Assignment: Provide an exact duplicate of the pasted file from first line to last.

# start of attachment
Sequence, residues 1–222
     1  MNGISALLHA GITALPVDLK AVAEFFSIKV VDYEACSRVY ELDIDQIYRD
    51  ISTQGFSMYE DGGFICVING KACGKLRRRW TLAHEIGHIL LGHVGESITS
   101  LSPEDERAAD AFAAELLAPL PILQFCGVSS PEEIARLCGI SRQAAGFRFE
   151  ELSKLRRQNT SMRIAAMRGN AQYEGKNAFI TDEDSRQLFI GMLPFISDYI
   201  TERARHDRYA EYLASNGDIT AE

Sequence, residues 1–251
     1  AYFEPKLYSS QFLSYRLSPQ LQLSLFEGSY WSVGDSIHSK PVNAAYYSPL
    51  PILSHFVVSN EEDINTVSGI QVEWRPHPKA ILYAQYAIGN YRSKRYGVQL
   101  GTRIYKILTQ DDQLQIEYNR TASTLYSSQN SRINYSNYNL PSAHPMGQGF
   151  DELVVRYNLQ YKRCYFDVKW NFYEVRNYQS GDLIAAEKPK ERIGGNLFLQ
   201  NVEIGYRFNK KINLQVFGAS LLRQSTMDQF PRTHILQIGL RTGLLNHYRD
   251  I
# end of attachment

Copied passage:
Sequence, residues 1–222
     1  MNGISALLHA GITALPVDLK AVAEFFSIKV VDYEACSRVY ELDIDQIYRD
    51  ISTQGFSMYE DGGFICVING KACGKLRRRW TLAHEIGHIL LGHVGESITS
   101  LSPEDERAAD AFAAELLAPL PILQFCGVSS PEEIARLCGI SRQAAGFRFE
   151  ELSKLRRQNT SMRIAAMRGN AQYEGKNAFI TDEDSRQLFI GMLPFISDYI
   201  TERARHDRYA EYLASNGDIT AE

Sequence, residues 1–251
     1  AYFEPKLYSS QFLSYRLSPQ LQLSLFEGSY WSVGDSIHSK PVNAAYYSPL
    51  PILSHFVVSN EEDINTVSGI QVEWRPHPKA ILYAQYAIGN YRSKRYGVQL
   101  GTRIYKILTQ DDQLQIEYNR TASTLYSSQN SRINYSNYNL PSAHPMGQGF
   151  DELVVRYNLQ YKRCYFDVKW NFYEVRNYQS GDLIAAEKPK ERIGGNLFLQ
   201  NVEIGYRFNK KINLQVFGAS LLRQSTMDQF PRTHILQIGL RTGLLNHYRD
   251  I